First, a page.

“It was a very different thing because usually I'm used to using my limited tools and the things that I have purchased and own. You have to be careful with music you sample and when you use audio sources that you don't have the rights to … It was very nice to actually have a bunch of high quality source material that I was allowed to use in any way I saw fit. It adds a whole different level of creativity when you don't have to worry about sample cleanse … Ian gave us his entire library of work that he accumulated to pick through, and complete creative freedom to just go. He basically wanted us to take the journalism and translate it into another medium, how we felt and how we interpreted it. It was very liberating.”
What chapter(s) did you choose to base your music off of?
“[Ian] didn't assign a specific part of the book, we got to pick whatever spoke to us … I chose chapter one. It's about Sea Shepherd, a vessel that goes around and basically hunts down rogue ships and ships in violation of international waters. The ship was basically a volunteer mission, it wasn't sponsored by any government or anything. So there were lots of questions and calls about whether or not they were like vigilantes and whether or not it was illegal for them to do what they were doing. I thought that was a very interesting kind of dilemma.”
“The second chapter that spoke to me when I was forming the EP is called Somali Seven, it’s chapter 14, and this chapter was crazy. In it, Ian basically gets stranded in Somalia, with his photographer, because the guide they hired lied about his resume just to get the job. It turned into a whole mess … He was there to investigate this trend, that for the past couple of years, every time the government hires a security force to police the waters, the security forces end up becoming like the pirates. And so it just keeps going around and around in a circle. It was like a never-ending spiral of good intentions mixed with corruption, becoming an awful thing.”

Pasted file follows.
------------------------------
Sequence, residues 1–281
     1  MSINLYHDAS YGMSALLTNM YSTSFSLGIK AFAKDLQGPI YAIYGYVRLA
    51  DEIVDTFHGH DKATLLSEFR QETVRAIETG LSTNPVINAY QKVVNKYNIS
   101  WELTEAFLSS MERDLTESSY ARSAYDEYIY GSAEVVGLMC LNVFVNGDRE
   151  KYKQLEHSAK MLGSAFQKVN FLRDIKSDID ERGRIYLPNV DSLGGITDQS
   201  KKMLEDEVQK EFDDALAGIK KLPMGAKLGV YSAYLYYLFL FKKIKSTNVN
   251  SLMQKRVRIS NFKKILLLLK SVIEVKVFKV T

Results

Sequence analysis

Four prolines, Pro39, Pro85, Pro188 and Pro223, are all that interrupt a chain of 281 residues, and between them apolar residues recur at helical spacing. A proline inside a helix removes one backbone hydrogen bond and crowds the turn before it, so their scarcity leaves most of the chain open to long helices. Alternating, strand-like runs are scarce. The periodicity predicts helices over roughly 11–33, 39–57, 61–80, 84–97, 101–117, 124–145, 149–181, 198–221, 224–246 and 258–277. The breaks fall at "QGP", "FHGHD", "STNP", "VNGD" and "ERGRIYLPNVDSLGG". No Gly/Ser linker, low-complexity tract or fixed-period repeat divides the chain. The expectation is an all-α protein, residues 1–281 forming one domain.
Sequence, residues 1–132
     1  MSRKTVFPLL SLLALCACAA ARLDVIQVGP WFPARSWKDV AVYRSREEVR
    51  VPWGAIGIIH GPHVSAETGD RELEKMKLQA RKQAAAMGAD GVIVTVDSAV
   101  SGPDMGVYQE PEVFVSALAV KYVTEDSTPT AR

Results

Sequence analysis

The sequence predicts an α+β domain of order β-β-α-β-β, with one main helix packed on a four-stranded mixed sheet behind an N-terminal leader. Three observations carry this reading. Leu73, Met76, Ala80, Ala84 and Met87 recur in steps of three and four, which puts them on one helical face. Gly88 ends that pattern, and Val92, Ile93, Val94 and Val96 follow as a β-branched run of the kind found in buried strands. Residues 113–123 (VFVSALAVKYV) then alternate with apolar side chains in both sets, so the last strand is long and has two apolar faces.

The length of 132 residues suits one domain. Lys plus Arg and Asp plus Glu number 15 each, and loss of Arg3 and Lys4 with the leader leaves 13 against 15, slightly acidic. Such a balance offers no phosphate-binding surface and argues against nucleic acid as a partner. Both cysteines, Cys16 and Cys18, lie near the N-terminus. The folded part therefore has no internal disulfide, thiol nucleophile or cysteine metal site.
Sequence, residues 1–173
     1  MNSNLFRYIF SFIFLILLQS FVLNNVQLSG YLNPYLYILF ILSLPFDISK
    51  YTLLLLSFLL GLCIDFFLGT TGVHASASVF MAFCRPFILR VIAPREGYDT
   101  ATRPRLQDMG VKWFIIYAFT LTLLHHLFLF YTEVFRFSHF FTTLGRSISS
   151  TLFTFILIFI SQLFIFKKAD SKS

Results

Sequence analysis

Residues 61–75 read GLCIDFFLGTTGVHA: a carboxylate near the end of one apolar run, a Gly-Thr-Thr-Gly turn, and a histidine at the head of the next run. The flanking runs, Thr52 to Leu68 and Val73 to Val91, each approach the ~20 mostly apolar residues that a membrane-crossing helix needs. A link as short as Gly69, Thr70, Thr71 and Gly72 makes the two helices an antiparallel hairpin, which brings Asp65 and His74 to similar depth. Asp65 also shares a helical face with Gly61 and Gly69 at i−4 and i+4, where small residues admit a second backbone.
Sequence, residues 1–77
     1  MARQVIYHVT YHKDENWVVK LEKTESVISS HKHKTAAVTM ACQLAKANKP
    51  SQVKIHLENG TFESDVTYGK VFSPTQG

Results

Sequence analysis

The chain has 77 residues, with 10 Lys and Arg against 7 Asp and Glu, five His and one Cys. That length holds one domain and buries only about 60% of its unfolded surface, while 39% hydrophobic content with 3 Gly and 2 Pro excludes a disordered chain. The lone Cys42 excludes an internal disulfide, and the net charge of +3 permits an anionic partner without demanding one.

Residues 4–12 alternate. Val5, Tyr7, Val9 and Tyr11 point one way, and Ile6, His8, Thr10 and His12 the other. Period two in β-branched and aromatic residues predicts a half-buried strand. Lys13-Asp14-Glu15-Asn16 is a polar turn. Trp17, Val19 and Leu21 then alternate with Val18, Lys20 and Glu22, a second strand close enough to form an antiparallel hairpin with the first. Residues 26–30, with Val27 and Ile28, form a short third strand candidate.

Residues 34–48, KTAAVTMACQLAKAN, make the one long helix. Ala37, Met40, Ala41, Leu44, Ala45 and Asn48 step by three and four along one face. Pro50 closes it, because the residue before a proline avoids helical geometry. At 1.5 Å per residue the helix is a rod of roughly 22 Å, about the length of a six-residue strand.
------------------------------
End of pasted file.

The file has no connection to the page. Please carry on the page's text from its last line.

How many songs did you create?
“Eight in total on the EP. Five original mixes and three instrumental versions.”
What does music mean to you?
“There’s not really one feeling or style of music. It's very versatile and it's not constrained to anything. It can change based on how you’re feeling that day or what you've been doing for the past six months or the last week. Your travels, your school, your friends and family, relationships, all of that impacts your musical output. And I think that's honestly awesome and beautiful, because we all are a sum of our experiences as people, so being able to put that out there in a tangible form, to kind of share your experience with other people, I think is something really, really powerful.”
Find which platforms are streaming PhuturePhil’s music at his website, phuturephil.com.
To explore The Outlaw Ocean Music Project further, click here.